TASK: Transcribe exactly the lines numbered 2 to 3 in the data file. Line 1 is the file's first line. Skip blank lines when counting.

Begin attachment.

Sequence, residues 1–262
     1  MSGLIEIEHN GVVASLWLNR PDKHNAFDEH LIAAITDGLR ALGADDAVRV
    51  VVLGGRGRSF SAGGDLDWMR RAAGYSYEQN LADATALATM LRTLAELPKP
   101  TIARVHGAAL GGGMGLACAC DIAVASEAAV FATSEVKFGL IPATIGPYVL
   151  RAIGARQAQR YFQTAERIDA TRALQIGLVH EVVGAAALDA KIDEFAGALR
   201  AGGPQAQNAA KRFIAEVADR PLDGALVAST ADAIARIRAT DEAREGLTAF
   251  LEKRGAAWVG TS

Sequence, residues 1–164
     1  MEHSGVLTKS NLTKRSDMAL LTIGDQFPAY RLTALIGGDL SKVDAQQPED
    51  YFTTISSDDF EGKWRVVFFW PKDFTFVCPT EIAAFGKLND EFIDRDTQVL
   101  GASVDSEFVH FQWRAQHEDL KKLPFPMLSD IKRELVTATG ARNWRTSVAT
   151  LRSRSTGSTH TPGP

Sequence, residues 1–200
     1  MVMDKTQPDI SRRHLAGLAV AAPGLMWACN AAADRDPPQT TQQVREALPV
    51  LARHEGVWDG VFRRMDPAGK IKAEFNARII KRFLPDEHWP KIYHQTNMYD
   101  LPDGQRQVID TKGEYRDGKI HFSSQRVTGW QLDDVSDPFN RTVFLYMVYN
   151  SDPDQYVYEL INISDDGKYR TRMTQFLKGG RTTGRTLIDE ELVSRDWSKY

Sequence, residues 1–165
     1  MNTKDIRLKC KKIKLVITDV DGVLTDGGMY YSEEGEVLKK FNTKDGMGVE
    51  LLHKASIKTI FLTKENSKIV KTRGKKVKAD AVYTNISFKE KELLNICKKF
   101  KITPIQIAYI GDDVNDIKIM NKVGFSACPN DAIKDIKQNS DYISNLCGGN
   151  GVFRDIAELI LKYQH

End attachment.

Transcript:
     1  MSGLIEIEHN GVVASLWLNR PDKHNAFDEH LIAAITDGLR ALGADDAVRV
    51  VVLGGRGRSF SAGGDLDWMR RAAGYSYEQN LADATALATM LRTLAELPKP